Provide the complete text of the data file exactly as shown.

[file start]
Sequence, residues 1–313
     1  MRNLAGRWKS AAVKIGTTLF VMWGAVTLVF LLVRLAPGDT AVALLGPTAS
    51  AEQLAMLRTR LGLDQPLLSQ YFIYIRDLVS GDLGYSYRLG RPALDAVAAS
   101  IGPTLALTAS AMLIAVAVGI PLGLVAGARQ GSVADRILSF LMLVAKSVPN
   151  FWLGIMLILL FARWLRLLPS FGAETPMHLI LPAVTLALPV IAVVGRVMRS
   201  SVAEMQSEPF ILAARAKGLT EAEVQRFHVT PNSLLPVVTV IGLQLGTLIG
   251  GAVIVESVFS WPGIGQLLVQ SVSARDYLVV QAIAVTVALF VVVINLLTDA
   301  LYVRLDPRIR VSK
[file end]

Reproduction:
Sequence, residues 1–313
     1  MRNLAGRWKS AAVKIGTTLF VMWGAVTLVF LLVRLAPGDT AVALLGPTAS
    51  AEQLAMLRTR LGLDQPLLSQ YFIYIRDLVS GDLGYSYRLG RPALDAVAAS
   101  IGPTLALTAS AMLIAVAVGI PLGLVAGARQ GSVADRILSF LMLVAKSVPN
   151  FWLGIMLILL FARWLRLLPS FGAETPMHLI LPAVTLALPV IAVVGRVMRS
   201  SVAEMQSEPF ILAARAKGLT EAEVQRFHVT PNSLLPVVTV IGLQLGTLIG
   251  GAVIVESVFS WPGIGQLLVQ SVSARDYLVV QAIAVTVALF VVVINLLTDA
   301  LYVRLDPRIR VSK